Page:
Climate change over the next 50 years is expected to drive a quarter of land animals and plants into extinction, according to the first comprehensive study into the effect of higher temperatures on the natural world.
The sheer scale of the disaster facing the planet shocked those involved in the research. They estimate that more than 1 million species will be lost by 2050.
The results are described as “terrifying” by Chris Thomas, professor of conservation biology at Leeds University, who is lead author of the research from four continents published today in the magazine Nature.
Much of that loss – more than one in 10 of all plants and animals – is already irreversible because of the extra global warming gases already discharged into the atmosphere. But the scientists say that action to curb greenhouse gases now could save many more from the same fate.
It took two years for the largest global collaboration of experts to make the first major assessment of the effect of climate change on six biologically rich regions of the world taking in 20% of the land surface.
The research in Europe, Australia, Central and South America, and South Africa, showed that species living in mountainous areas had a greater chance of survival because they could simply move uphill to get cooler.
Those in flatter areas such as Brazil, Mexico and Australia, were more vulnerable, faced with the impossible task of moving thousands of miles to find suitable conditions.
Birds, which had the greatest chance of escape, could in theory move to a more suitable climate but the trees and other habitat they needed for survival could not keep pace and all would die.
Among the more startling findings of the scientists was that of 24 species of butterfly studied in Australia, all but three would disappear in much of their current range, and half would become extinct.
In South Africa major conservation areas such as Kruger national park risked losing up to 60% of the species under their protection.
In the Cerrado region of Brazil – also known as the Brazilian Savannah – which covers one fifth of the country, a study of 163 tree species showed that up to 70 would become extinct. Many of the plants and trees that exist in this savannah occur nowhere else in the world. The scientists concluded that 1,700 to 2,100 of these species – between 39% and 48% of the total – would disappear.
In Europe, the continent least affected by climate change, survival rates were better, but even here under the higher estimates of climate change a quarter of the birds could become extinct, and between 11% and 17% of plant species.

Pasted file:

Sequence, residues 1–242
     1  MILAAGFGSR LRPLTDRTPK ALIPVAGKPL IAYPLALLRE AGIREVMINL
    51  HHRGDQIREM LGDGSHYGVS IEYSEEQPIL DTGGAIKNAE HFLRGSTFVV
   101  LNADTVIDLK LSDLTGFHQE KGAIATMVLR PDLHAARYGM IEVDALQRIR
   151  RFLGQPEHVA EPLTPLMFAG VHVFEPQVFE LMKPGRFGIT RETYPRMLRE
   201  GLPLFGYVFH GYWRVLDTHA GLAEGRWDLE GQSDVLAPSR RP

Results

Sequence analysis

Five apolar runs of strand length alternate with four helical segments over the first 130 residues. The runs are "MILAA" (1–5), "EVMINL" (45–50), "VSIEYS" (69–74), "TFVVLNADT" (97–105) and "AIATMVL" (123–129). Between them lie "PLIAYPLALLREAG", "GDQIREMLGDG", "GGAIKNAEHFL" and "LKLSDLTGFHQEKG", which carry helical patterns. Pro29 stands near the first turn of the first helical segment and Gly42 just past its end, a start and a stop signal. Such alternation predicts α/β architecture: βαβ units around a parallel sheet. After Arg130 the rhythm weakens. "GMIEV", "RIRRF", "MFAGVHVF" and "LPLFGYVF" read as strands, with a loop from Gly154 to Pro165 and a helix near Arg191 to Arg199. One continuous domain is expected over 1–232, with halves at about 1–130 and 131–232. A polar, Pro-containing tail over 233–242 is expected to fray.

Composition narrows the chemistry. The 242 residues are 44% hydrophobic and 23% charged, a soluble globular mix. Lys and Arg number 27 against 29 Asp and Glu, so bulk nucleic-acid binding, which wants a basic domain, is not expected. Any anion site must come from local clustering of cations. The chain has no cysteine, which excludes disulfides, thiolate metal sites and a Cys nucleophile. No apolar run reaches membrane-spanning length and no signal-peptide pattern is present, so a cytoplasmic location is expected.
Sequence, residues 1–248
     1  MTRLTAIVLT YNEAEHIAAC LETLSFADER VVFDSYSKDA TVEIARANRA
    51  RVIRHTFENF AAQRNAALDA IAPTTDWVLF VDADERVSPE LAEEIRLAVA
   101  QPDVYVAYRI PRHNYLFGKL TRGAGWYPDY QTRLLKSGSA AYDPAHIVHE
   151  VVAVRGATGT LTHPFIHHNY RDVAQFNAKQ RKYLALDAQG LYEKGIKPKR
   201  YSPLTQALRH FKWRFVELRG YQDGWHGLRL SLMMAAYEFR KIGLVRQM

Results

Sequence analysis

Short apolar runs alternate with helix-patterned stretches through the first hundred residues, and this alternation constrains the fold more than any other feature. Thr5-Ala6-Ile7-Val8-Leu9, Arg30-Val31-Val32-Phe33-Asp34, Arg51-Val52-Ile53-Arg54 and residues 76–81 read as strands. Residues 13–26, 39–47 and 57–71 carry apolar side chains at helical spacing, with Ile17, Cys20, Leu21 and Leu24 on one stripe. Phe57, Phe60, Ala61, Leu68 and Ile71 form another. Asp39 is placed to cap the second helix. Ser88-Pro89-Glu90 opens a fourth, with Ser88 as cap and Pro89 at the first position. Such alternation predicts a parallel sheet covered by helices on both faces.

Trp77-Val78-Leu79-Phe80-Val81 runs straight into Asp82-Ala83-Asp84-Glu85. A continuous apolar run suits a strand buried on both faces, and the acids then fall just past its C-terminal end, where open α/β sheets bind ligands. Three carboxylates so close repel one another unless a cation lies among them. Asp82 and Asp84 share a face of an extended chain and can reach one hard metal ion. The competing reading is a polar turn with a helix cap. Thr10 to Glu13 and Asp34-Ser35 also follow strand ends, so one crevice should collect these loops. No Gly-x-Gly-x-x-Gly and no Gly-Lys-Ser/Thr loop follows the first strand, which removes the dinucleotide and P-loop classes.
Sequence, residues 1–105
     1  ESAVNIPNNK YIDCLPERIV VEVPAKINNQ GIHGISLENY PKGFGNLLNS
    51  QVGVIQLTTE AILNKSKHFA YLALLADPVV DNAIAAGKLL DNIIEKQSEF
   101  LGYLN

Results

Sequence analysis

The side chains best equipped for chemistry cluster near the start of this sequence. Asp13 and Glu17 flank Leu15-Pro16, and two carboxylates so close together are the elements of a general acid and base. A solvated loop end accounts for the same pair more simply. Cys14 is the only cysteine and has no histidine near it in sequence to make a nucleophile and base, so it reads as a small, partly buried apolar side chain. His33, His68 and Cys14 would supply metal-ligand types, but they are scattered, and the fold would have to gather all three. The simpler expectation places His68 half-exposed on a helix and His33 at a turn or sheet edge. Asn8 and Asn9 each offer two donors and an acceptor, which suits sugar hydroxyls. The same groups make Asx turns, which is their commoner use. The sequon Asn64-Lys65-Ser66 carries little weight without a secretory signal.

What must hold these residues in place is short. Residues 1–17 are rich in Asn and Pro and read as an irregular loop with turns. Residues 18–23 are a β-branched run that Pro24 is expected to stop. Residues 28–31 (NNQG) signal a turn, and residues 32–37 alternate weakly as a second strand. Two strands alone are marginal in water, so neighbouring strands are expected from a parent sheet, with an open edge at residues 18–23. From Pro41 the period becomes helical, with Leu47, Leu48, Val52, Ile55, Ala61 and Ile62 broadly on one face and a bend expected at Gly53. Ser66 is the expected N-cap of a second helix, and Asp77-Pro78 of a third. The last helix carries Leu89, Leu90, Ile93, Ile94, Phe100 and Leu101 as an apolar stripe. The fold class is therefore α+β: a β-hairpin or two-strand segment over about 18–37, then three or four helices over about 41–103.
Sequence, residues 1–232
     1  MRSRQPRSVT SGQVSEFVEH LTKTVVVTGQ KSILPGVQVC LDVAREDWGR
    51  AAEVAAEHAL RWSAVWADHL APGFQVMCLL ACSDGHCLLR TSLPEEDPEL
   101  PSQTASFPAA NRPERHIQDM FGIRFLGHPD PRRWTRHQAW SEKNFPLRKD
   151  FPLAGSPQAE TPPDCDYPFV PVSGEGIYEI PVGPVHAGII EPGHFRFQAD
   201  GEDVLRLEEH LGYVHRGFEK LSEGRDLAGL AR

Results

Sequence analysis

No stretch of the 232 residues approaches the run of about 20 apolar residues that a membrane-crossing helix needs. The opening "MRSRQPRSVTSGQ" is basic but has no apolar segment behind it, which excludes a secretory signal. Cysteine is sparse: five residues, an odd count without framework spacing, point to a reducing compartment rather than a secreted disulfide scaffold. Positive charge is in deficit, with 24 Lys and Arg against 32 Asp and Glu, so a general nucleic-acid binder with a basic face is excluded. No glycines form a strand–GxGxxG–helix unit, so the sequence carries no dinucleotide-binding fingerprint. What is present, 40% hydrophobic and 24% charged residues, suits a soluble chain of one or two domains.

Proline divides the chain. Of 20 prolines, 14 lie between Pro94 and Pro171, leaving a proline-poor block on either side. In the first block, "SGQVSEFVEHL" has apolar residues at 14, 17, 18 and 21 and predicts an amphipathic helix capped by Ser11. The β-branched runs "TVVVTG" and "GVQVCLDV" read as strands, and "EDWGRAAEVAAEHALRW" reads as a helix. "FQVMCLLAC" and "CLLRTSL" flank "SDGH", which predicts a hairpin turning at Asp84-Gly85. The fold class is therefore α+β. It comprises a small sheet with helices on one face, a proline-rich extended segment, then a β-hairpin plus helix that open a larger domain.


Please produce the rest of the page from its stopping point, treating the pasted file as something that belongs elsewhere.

One British example is the Scottish crossbill which is found nowhere else. The future climate in Scotland will be different and the birds will be unable to survive, especially with rivals from warmer climes moving in.
The crossbill would need to move to Iceland, but currently there are virtually no trees and suitable food. The scientists conclude: “It seems unlikely that the species will manage to move to Iceland.”
In Mexico, studies in the Chihuahuan desert confirmed that on flatter land extinction was more likely because a small change in climate would require migrations over vast distances for survival. One third of 1,870 species examined would be in trouble and three small rodents, the smokey pocket gopher, Alcorn’s pocket gopher, jico deer mouse would go the way of the dodo.
In South Africa, where many popular garden plants originate, 300 plant species were studied and more than one third were expected to die out, including South Africa’s national flower, the king protea.
Commenting on the findings in Nature, two other scientists, J Alan Pounds and Robert Puschendorf, who has studied the extinction of frogs in the mountains of Costa Rica since the 1980s as a result of climate change, say their colleagues have been “optimistic”.
When other factors as well as increased temperatures were taken into account the extinctions would probably be greater.
“The risk of extinction increases as global warming interacts with other factors – such as landscape modification, species invasions and build-up of carbon dioxide – to disrupt communities and ecological interactions.”
So many species are already destined for extinction because it takes at least 25 years for the greenhouse effect – or the trapping of the sun’s rays by the carbon dioxide, methane and nitrous oxide already added to the air – to have its full effect on the planet. Deserts, grasslands and forests are already changing to make survival impossible.
The continuous discharging of more greenhouse gases, particularly by the USA, is making matters considerably worse. The research says if mankind continues to burn oil, coal and gas at the current rate, up to one third of all life forms will be doomed by 2050.
Prof Thomas said it was urgent to switch from fossil fuels to a non-carbon economy as quickly as possible. “It is possible to drastically reduce the output of greenhouse gases into the atmosphere and this research makes it imperative we do it as soon as possible. If we can stabilise the climate and even reverse the warming we could save these species, but we must start to act now.”
If conservation groups wanted to save species they should devote at least half their energies to political campaigning to reduce global warming because that was the greatest single threat to survival of the species.
John Lanchbery, climate change campaigner for the Royal Society for the Protection of Birds, agreed: “This is a deeply depressing paper. President Bush risks having the biggest impact on wildlife since the meteorite that wiped out the dinosaurs.
“At best, in 50 years, a host of wildlife will be committed to extinction because of human-induced climate change. At worst, the outcome does not bear thinking about. Drastic action to cut emissions is clearly needed by everyone, but especially the USA.”